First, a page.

Share this Article:

Police Psychology | 12 Greatest Hits

by Gary S. Aumiller, Ph.D.  ABPP

My brother contacted me a few months back and said he was writing his “Greatest Hits.”  I said, “Roy, the problem is you don’t have any major hits, in fact you stopped playing guitar in college.”  Roy was a country crooner with a great style and a dream in high school, but he gave it up and entered the real world.  So, Roy responded back, “Everyone has a ‘Greatest Hits’ in them, they just might not be songs on a record” (I didn’t bother to tell him that records were a thing of the past.  After all, he is my older brother by three years).  “I am writing the greatest things I ever did, the times I was spot on and just hit it.”  So, I asked him if this was a Maslow self-actualization thing you do at the end of life.  He said “nah, I just wanted to know I had done some things right.  You should try it.”

Everything is Negative

Not that I want to admit that my retired drug salesman brother gave me a great psychological technique I use with people all the time, but we do live in a very negative world.  I mean, I wake up in the mornings and read the news in New York and feel like Armageddon is upon us.  Writing your “12 Greatest Hits” does lift your spirits and does make you think about the good you have done in the world, and you don’t have to be a psychologist to suggest it to someone.  You can be a boss or a supervisor or even a spouse.  Write about family, work, social life, something you’ve done for someone, just sort of spread the good cheer all around.  It is great idea for the holidays, but even more for you personally to feel good for a change.  Let me give you a couple of mine as example: (more…)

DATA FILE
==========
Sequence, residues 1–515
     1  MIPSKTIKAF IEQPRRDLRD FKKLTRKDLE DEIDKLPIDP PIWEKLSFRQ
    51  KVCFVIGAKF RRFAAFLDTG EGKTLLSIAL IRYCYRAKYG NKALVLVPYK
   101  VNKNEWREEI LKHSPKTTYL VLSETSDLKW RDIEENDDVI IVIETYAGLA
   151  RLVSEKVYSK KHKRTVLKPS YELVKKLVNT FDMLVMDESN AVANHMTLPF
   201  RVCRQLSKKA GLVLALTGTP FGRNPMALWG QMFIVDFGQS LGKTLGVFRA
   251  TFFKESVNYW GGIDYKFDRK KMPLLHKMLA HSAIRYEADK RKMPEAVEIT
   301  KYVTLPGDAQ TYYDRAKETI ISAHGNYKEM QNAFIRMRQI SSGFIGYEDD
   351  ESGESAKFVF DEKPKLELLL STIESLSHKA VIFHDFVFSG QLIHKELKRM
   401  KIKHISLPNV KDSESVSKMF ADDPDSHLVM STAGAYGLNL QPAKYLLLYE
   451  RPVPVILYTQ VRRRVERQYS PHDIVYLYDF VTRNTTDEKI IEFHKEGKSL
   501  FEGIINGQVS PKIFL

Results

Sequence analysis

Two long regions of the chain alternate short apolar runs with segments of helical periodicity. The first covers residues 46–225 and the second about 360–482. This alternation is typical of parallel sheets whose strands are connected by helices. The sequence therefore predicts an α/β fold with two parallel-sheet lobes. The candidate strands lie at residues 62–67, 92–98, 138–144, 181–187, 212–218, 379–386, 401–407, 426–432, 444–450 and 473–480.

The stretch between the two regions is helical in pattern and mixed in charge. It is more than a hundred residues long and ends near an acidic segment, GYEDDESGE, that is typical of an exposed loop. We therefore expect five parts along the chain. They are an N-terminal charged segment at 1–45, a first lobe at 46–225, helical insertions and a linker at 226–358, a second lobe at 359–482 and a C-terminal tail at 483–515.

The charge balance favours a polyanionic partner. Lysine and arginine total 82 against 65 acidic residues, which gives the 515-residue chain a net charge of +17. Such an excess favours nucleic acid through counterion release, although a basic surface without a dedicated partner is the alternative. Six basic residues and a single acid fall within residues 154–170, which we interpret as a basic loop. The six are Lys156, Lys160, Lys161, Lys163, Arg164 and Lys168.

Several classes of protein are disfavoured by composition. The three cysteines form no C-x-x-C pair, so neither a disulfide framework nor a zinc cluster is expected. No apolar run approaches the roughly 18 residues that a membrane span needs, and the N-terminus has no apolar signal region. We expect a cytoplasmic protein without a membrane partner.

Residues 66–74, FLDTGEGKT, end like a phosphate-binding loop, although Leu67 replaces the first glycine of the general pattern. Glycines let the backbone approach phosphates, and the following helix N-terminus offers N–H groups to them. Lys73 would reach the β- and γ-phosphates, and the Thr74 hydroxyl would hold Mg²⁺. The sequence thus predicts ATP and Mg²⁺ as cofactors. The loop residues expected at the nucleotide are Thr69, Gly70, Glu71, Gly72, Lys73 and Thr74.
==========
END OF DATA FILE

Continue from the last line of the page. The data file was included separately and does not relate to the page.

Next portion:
Share this Article:

Police Psychology | Brain Eaters

By Gary S. Aumiller, Ph.D.  ABPP

In Telugu language, the second most popular language in India, they have a phrase that is highly important in police psychology – burra tinoddu. police psychology, zombie, police stressNot to be confused with the “Lion King’s” Hakuna Matata which tells you not to worry and be happy eating grubs and big juicy beetles, Burra Tinoddu roughly means “Don’t eat my brain.”   Damn, there are a lot of brain-eaters out there! And, the holidays just bring them out of the woodwork. We all have various interpersonal relationships: friends, family, spouses, children, bosses, co-workers, even the employees behind the counter at our favorite restaurants or coffee shops. In general, interpersonal relationships are very positive, and they are healthy for your own personal growth and development. However, we all have some people in our lives that are just physically and mentally draining. We walk away from any experience with them feeling like we just ran a full-marathon, and then hiked across the Sahara desert, and finished by climbing Mount Everest. And that’s when we’ve spoken to them for five minutes—don’t get me started on how we feel after talking to them for a whole hour. They are worse than zombies when eating your brain. At least zombies don’t talk incessantly. (more…)

Share this Article:

Police Psychology | Emotional Pinball

by Gary S. Aumiller, Ph.D.  ABPP

 

Share this Article: